Voice Recognition

This method of authentication analyzes the sounds a person makes when they speak.

Digital Signatures


These analyses include static systems that simply compare the signature to an existing handwriting sample and dynamic systems that also track the movement of the person’s hand when it’s writing.

Advantages of Biometrics

There are many advantages to using biometrics as a form of identification for access, including that biometrics:

– Cannot be lost: You can always forget your key, access card or password, but you can’t forget your fingerprints or your eyes. If biometrics are the only means of authentication, a user can never be locked out if they’re entitled to access. If you use multi-factor identification, a biometric factor is one less thing that users need to remember.

– Cannot be transferred or stolen: It is easy and not uncommon for people to leave access cards or notepads containing passwords lying around where unwanted personnel could get hands on them. You cannot lose your biometrics due to carelessness, and they cannot be transferred or stolen without causing physical trauma to the user.

– Are person-specific: Unless a user is colluding with an unauthorized person, you can be confident that the person who is using biometrics to gain access is who they purport to be.

– Are intuitive: Most users should have little difficulty figuring out how to press their finger onto a fingerprint scanner or look into an eye scanner. This process can be much faster and more convenient than hunting around for another password or trying to find the right way to insert an access card.

Your company’s management will have to decide which biometric factors are most appropriate for your business. Some may prefer behavioral biometrics because you can often use existing hardware to collect the information with just the installation of new software to analyze the data. Some may prefer fingerprint identification because it’s more recognizable and user-friendly than certain other methods.

While you can use multiple biometrics for identification, in most cases currently, a single biometric when paired with some other authentication factor — like a key card, push notification or password — is sufficient for secure access. While some companies with special security issues may require further measures, it’s often not cost-effective for a standard company to use more than one biometric authentication factor.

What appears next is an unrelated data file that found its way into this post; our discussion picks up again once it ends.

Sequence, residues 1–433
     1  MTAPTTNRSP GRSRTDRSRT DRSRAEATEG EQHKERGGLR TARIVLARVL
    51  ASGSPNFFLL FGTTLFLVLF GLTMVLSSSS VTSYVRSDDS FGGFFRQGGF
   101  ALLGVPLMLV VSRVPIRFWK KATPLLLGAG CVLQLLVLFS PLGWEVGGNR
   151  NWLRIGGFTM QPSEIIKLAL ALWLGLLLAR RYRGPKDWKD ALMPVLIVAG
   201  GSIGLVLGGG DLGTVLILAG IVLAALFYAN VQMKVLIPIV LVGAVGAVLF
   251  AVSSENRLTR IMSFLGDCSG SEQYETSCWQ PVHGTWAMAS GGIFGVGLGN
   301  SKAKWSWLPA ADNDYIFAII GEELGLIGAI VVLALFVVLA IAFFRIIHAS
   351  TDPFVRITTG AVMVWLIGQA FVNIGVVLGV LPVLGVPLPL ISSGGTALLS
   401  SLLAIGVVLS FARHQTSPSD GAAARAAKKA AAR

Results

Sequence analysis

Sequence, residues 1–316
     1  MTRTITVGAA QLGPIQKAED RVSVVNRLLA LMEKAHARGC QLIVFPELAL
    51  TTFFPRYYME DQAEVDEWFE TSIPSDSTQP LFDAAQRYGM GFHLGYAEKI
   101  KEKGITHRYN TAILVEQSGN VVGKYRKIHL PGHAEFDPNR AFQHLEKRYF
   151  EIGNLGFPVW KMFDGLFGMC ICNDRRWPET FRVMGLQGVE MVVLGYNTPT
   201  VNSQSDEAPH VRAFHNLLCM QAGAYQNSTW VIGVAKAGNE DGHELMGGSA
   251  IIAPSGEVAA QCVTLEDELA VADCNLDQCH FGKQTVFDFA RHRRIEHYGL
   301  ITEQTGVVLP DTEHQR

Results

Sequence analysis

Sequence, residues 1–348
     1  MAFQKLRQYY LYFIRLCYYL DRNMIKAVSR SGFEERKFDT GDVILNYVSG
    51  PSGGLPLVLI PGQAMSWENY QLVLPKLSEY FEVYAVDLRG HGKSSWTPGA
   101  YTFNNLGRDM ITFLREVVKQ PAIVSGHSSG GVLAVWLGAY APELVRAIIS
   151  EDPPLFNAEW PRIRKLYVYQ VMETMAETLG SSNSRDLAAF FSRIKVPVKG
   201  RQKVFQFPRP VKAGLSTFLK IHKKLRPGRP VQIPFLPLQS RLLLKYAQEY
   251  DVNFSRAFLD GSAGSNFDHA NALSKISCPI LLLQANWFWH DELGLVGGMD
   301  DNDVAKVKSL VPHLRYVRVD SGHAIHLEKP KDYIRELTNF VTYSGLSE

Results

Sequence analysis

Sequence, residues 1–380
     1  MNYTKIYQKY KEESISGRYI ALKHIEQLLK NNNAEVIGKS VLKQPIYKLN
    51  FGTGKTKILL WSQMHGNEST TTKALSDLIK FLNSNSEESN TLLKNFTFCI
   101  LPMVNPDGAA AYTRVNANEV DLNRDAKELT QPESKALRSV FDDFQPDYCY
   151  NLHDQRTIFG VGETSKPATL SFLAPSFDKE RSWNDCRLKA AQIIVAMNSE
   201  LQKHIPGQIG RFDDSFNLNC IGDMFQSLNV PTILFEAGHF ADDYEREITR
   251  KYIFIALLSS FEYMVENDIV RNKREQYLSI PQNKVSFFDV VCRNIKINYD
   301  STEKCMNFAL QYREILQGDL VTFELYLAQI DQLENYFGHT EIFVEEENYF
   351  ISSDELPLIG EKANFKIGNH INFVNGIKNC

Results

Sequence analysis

Biometrics and Identity Access Management

Optimal IdM, as a leader in enterprise solutions for identity access management, is a strong believer in multi-factor authentication, which can include biometrics. To learn more about the most effective methods of Identity Access Management for business and the role of biometrics technology in data security, contact us now.


  • The database in which all of your organization’s sensitive identity data is stored.
  • A digital ledger in which digital transactions are recorded chronologically and publicly.
  • Securely managing customer identity and profile data, and controlling customer access to applications and services.
  • The means of linking a person's electronic identity and attributes, stored across multiple distinct identity management systems.
  • A legal framework that sets guidelines for the collection and processing of personal information of individuals within the EU.
  • The policy-based centralized orchestration of user identity management and access control.
  • An authentication infrastructure that is built, hosted and managed by a third-party service provider.
  • A security system that requires more than one method of authentication from independent categories of credentials to verify the user's identity for a login or other transaction.
  • A global provider of innovative and affordable identity access management solutions. 
  • Managing and auditing account and data access by privileged users.
  • Tools and technologies for controlling user access to critical information within an organization.
  • An authentication process that allows a user to access multiple applications with one set of login credentials.